Symptoms of Carbon Monoxide Poisoning

How can you know if you have carbon monoxide poisoning?

In This Article

Carbon monoxide poisoning is a chameleon in the medical world. Its symptoms mimic many other conditions and there is not a single symptom that is the gold standard of all carbon monoxide poisonings. In other words, it's very difficult to identify, but there are a few changes you should be aware of.

carbon monoxide poisoning symptoms
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Frequent Symptoms

The most common symptoms of carbon monoxide poisoning are vague and related to many conditions.

Early Symptoms

Carbon monoxide binds to the hemoglobin to create a molecule called carboxyhemoglobin (COHb), which interferes with the body's ability to transport and use oxygen, especially in the brain. Because of that, the symptoms are similar to other conditions that affect the brain and cause a decrease in oxygenation (known as "hypoxia"):

  • Headache
  • Nausea
  • Dizziness
  • Fatigue

Because it is a gas and will usually affect everyone being exposed to it, carbon monoxide is easier to identify when the symptoms strike several people at once. Due to its chameleon-like nature it's still not an easy task, but headaches and nausea in isolation rarely cause anyone to think of carbon monoxide poisoning as the most likely culprit.

Even so, when carbon monoxide affects multiple patients at the same time, it is often dismissed as an infection or bad food rather than the assumption of carbon monoxide exposure.

Progressed Symptoms

As carbon monoxide poisoning progresses, symptoms get more serious, but are still extremely vague and difficult to identify as specific to carbon monoxide exposure:

  • Confusion
  • Shortness of breath
  • Chest pain
  • Vomiting
  • Blurry or double vision
  • Loss of consciousness

There is not a clear timeline to show how long it takes to progress from a headache to loss of consciousness.

Carbon monoxide exposure is time and concentration dependent, meaning the amount of carbon monoxide in the air is as important as how long the patient remains exposed to it.

Rare Symptoms

A deep red, flushed skin color (often called cherry red) is the one telltale indicator of carbon monoxide poisoning. It comes from high levels of carboxyhemoglobin in the blood.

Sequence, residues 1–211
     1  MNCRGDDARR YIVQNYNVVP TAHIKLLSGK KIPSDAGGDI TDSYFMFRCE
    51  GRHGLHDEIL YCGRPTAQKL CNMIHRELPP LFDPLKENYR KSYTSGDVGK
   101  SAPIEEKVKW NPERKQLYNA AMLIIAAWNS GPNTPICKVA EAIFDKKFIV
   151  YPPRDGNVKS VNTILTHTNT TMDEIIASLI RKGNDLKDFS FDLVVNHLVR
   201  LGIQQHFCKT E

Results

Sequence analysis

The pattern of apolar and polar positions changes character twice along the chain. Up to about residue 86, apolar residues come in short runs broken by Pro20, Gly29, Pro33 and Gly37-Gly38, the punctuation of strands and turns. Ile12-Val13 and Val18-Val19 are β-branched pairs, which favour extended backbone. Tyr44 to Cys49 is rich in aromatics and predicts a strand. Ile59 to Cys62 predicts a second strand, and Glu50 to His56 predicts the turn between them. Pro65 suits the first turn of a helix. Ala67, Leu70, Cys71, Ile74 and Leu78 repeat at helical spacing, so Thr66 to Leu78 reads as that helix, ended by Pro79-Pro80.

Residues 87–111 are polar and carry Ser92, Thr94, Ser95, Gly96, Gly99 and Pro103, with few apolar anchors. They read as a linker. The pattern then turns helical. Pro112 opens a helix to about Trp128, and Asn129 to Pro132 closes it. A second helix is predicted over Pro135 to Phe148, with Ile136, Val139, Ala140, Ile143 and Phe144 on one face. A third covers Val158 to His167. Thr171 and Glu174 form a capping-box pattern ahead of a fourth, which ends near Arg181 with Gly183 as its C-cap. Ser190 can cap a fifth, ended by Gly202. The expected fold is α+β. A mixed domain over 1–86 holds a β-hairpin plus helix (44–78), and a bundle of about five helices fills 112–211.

Unfortunately, it is often a postmortem examination that reveals such a bright red coloring. The level of carbon monoxide in the blood required to get the skin to that color is so high that it is nearly always fatal.

So, extreme flushed skin is too late a sign to be useful in determining if a patient is suffering from carbon monoxide poisoning.

To be treated successfully, carbon monoxide poisoning must be recognized long before the patient turns bright red.

Long-Term Complications

As common as carbon monoxide poisoning is, there is a lot we still do not understand about this condition. Long-term exposure to elevated levels of carbon monoxide—even when the levels aren't that high, but the exposure continues for many days or weeks—can lead to peripheral artery disease, cardiomyopathy, and long-term, poorly understood neurological problems.

Damage to the brain is a significant injury incurred by many patients with carbon monoxide poisoning. Patients can develop neurological complications (difficulty concentrating, memory loss, tremors, trouble speaking, etc.) at the same time as the carbon monoxide poisoning or at a later time. When the neurological signs and symptoms show up later, it's known as delayed neurologic sequelae (DNS).

Research continues into why this happens and how to identify the potential for long-term symptoms. For example, pupil constriction in the eye might predict how the brain will react more than 30 days after exposure. One study that followed patients for years after they were exposed discovered that its patients were more likely than those without a history of carbon monoxide poisoning to develop peripheral artery disease.

There is very little evidence-based treatment for carbon monoxide poisoning. Most options focus on removing the carbon monoxide as quickly as possible. These treatments range from basic high-flow oxygen delivery (15-25 liters per minute) provided at normal atmospheric pressures all the way to lights being placed into the lungs to separate carbon monoxide from the hemoglobin, or hyperbaric oxygen therapy that is delivered at higher than normal atmospheric pressures.

When to See a Doctor

Carbon monoxide poisoning is very serious and always warrants a trip to see the doctor. The carbon monoxide gets stuck in the bloodstream and it takes up to several hours to remove it.

Anytime carbon monoxide poisoning is suspected, call 911. Don't wait for help. Move to fresh air immediately. Usually, it's best to go outside while waiting for the ambulance.

When you see the doctor, note that history is more important than symptoms. The most important way to recognize carbon monoxide poisoning is by recognizing the danger signs of behaviors leading up to the moment that symptoms started appearing.

Faulty stoves, fireplaces, or wood-burning appliances are usually to blame for carbon monoxide poisoning in the home. Cars and trucks are common culprits in the business setting, as well as various other sources of carbon monoxide poisoning.

Your doctor may ask you to describe how long the symptoms took to become bad enough to seek help. What was going on during that time? Is it cool weather and some of the family had decided to start the barbecue under the patio? This information can help confirm that your symptoms are truly carbon monoxide poisoning.

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